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    • Angela Laverdi

      Umm, Tory? Most of us women ARE the ones keeping up with all that stuff you talked about on TOP of “our work”. Thats where this article is coming from.

      Reply
      • Tory

        Angela, I was speaking for myself, good for you if you change the oil and mow the lawn! Also I think it’s a stretch to say “most of us women ARE the ones keeping up with that stuff” — I have a lot of female friends and NONE of them have ever done any of the things I listed. My point was that we as wives and moms do a lot behind the scenes, and sometimes we forget that our husbands have their own “mental load” that we may not even be aware of. If something like an appliance breaks in our house, I wouldn’t even have a clue where to start, it falls to my husband. So if grocery shopping and laundry fall to me, it’s ok.

        Reply
    • E

      Except for women who have to figure those things out too! Any household paperwork is my job— we hired an accountant for taxes but my husband is still asking me for paperwork that HE has for the taxes, so taxes haven’t been done. Finding a plumber when we have a leaky faucet? That’s on me to research. He mows, but it’s been on me to find someone to do yard work when he can’t do it. Basically the mental load of running the house is all on me. We need a new sink and he keeps telling me to pick a sink because he doesn’t want to get the wrong one. I even remind him to pay himself because he is self-employed. I struggle with mental load a lot and can’t say anything about it because he has too many clients and too much work to share in the household mental load. I meal plan and make the grocery list, but he does the shopping (aldi ftw) because I almost passed out after grocery shopping when about 6 weeks postpartum with my third kid— I had taken all 3 kids with me and it was too much. When he saw that he said he would do the groceries from then on.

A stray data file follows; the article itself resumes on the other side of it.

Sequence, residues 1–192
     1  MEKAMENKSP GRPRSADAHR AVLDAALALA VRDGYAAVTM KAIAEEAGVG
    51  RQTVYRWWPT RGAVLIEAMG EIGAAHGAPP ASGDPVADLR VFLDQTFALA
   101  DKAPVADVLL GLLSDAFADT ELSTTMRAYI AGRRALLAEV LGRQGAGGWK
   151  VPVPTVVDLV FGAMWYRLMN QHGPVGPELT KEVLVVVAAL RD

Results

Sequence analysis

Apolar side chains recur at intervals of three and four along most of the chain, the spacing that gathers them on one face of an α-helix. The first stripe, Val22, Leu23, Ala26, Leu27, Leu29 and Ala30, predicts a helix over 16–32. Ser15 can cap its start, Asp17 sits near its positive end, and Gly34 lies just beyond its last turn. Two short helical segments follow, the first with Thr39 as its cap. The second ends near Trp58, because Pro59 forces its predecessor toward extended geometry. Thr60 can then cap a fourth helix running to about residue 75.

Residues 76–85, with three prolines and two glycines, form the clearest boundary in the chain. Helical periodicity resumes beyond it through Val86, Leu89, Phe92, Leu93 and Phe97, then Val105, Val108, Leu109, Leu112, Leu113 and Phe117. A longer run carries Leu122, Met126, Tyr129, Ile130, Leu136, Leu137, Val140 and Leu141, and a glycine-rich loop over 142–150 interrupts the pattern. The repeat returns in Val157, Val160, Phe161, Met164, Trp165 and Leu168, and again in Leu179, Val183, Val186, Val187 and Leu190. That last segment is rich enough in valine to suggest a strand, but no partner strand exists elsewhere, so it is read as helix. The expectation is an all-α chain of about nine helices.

Reply
      • Sheila Wray Gregoire

        Oh, E, that does sound like a lot! Can you talk through any of this with him? Even if he has a lot of clients, the mental load of the family does need to be shared to a certain extent. It is too exhausting to never be “off”, especially when you have children.

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  13. Mandy

    What about the wife with the large mental load AND the high libido? It’s discouraging to the woman that is tired and yet still wants the intimacy and the husband is working outside the home and not really sharing the mental load and is more tired. I find myself asking what is the excuse.

    Reply
    • Sheila Wray Gregoire

      I hear you, Mandy. I’m sorry. I think that’s when you just have to sit down and have these conversations. If you’re on my email list, I’ll be sending out an email I think next week with some discussion questions and excerpts from some of this month’s articles so that couples can talk through them together. I hope that helps!

      Reply
  14. Nicole

    I am loving this series right now, and am so thankful you are tackling this! So often I get upset at my husband for not “getting” it.
    Like last night, when I was going to take a bath and go to bed early. The kids were being rowdy in bed and were not settling down. I had cooked dinner, cleaned up the dishes, wiped the counters, cleaned the table, and finally got the last load of laundry in the dryer. My husband had his headphones in and was completely oblivious to the chaos. I finally managed to take a bath and get to bed at 11:00 when I wanted to be in bed at 10. 🙁
    It feels most nights are like this and I’m tired of asking him to help with the kids. They’re HIS kids too and I really shouldn’t have to ask especially when I’ve done literally just about everything else.